Alita: Battle Angel
2019, PG-13, 122 min. Directed by Robert Rodriguez. Starring Rosa Salazar, Christoph Waltz, Jennifer Connelly, Mahershala Ali, Keean Johnson.
REVIEWED By Matthew Monagle, Fri., Feb. 15, 2019
For as long as anyone with an internet connection can remember, James Cameron has tried, failed, and tried again to adapt Yukito Kishiro’s manga series to the big screen. Now, nearly two decades after the project first slipped into the Hollywood rumor mill, Cameron’s film is finally seeing the light of day with action powerhouse Robert Rodriguez at the helm.
Centuries after a devastating war wiped out much of human civilization, survivors have gathered in the ruins below Zalem, the sole remaining floating city. One such survivor, Ido (Waltz), makes his living patching up the cyborg residents of the city and searching for high-tech scrap in the wasteland, which is where he discovers the core of Alita (Salazar), an advanced cybernetic warrior who cannot remember her past. As Alita reacquaints herself with the world, she discovers that the leaders of Zalem are quietly pulling the strings on the surface world; this inspires her to fight for the independence of her adopted family and defend the life of the man she loves (Johnson).
Because this is a collaboration between Cameron and Rodriguez, the film’s primary focus – and this is said with no small degree of affection – is just to move the action along. Shortly after realizing that her father figure is moonlighting as a cyborg bounty hunter, Alita enlists alongside him so she can brawl with the other hunters at their local bar. From there, Alita also signs up for the city’s lucrative Murder Ball league (a violent and mechanically enhanced evolution of Roller Derby) to pay off some of her boyfriend’s debt. The best moments of Alita are a synergy of its two creative forces, blending impressive digital environments with a science-fiction universe that speaks to hidden depths (often quite literally). No action film this earnest will be without its die-hard fans.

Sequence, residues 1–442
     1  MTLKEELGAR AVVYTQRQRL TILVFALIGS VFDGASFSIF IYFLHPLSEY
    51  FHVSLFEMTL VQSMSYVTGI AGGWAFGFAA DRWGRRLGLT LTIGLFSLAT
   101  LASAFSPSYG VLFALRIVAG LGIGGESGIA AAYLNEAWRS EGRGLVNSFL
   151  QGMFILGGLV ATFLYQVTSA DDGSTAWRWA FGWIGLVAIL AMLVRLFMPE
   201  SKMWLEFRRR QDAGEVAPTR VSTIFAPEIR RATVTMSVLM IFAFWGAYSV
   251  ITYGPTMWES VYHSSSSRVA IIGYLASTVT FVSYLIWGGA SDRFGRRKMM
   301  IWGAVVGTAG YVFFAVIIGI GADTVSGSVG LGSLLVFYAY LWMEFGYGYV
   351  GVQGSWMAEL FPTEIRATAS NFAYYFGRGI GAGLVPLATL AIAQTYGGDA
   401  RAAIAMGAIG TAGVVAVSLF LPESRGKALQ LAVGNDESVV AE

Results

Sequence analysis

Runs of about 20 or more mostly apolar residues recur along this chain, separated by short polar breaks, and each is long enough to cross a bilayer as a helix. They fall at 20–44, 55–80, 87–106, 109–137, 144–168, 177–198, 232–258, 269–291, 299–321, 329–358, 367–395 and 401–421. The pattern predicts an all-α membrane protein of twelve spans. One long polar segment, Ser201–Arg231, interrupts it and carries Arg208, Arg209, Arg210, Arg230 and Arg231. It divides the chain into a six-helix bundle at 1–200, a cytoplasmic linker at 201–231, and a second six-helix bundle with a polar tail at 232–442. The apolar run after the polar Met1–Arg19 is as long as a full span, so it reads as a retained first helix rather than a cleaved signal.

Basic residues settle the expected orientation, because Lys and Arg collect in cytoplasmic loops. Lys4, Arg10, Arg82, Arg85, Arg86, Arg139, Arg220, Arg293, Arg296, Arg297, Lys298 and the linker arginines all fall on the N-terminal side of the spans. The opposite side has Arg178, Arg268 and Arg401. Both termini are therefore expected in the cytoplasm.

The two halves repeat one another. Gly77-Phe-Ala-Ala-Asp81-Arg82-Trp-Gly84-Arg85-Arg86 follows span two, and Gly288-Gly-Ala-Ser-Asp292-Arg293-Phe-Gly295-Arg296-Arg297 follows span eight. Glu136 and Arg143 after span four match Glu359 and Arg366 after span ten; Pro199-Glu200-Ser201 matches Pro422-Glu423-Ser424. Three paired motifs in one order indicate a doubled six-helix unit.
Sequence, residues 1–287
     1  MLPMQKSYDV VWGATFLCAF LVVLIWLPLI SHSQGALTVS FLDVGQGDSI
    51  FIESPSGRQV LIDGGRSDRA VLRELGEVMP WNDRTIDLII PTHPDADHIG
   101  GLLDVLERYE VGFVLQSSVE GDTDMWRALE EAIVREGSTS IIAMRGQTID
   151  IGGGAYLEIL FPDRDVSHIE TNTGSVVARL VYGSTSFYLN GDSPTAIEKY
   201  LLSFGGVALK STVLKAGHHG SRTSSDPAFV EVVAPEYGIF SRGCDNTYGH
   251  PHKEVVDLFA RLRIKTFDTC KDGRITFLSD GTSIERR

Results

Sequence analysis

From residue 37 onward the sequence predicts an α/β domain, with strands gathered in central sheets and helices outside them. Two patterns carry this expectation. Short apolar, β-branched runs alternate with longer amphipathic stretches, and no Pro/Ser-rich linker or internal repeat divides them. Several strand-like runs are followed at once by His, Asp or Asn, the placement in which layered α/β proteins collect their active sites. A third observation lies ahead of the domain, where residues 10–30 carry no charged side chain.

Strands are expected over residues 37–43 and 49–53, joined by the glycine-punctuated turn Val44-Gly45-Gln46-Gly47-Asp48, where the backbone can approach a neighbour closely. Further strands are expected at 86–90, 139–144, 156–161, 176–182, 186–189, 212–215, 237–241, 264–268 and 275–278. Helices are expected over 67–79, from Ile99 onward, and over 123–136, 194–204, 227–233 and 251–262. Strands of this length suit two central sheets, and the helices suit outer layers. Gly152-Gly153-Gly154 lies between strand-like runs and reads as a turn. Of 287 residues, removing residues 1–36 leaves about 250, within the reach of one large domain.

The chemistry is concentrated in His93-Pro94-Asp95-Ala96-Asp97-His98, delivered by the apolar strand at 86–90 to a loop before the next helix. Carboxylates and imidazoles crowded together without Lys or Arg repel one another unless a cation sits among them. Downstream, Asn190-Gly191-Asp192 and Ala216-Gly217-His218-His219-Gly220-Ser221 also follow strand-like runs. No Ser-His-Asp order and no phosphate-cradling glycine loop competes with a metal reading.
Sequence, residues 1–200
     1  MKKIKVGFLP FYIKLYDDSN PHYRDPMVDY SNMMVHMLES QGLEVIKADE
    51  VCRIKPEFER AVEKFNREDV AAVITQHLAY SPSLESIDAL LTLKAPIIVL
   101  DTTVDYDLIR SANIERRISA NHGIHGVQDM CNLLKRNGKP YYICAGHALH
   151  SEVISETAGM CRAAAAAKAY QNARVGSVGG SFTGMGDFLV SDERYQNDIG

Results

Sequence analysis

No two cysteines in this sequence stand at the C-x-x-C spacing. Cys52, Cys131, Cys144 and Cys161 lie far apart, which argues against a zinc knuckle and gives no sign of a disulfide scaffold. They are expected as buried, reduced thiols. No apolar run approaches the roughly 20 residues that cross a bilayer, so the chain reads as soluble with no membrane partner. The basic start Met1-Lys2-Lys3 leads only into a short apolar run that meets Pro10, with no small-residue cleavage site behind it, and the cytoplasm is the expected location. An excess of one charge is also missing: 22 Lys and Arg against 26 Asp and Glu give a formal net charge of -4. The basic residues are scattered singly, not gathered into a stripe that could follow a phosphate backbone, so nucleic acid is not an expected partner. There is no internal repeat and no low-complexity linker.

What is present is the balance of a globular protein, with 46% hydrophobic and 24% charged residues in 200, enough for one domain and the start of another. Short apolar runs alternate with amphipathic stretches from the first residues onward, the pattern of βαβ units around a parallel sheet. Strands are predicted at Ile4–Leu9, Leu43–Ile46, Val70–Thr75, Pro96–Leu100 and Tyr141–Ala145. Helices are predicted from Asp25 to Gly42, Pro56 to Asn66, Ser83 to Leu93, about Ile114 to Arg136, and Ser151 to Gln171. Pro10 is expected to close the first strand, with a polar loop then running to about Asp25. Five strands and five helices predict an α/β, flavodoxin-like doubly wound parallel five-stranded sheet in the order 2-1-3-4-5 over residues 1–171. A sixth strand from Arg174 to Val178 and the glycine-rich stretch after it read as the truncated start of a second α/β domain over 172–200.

But since the film has doubled down on style over substance, it’s a puzzle that Cameron and company didn’t give their actors more opportunities to help bridge the gap. Put another way: How much you enjoy Alita: Battle Angel will depend on your stomach for motion capture. Salazar is definitely the right actress to build a franchise around; her performance in the Maze Runner movies proved her a more-than-capable action heroine, and she brings that same mixture of strength and vulnerability to this role. Yet because Alita has so many different character models on display, the ones that work draw considerable attention from the ones that do not, and the anime stylings are a constant drain on the film.
We never see Salazar’s performance, only the SFX team’s re-creation of her performance, and that generates a disconnect between the audience and the lead character that the film can never overcome. The trouble with computer-augmented characters like Alita is that they work best in the loud scenes, not the soft ones, and Salazar the actress – not Salazar the collection of reference points – was desperately needed to sell the film’s middling stabs at female empowerment. Alita: Battle Angel wants to frame its futuristic Pinocchio narrative around a story of teenage romance, but the end result is a bunch of pixels falling in love with the first boy they meet. Next time, stick to the parts where you punch.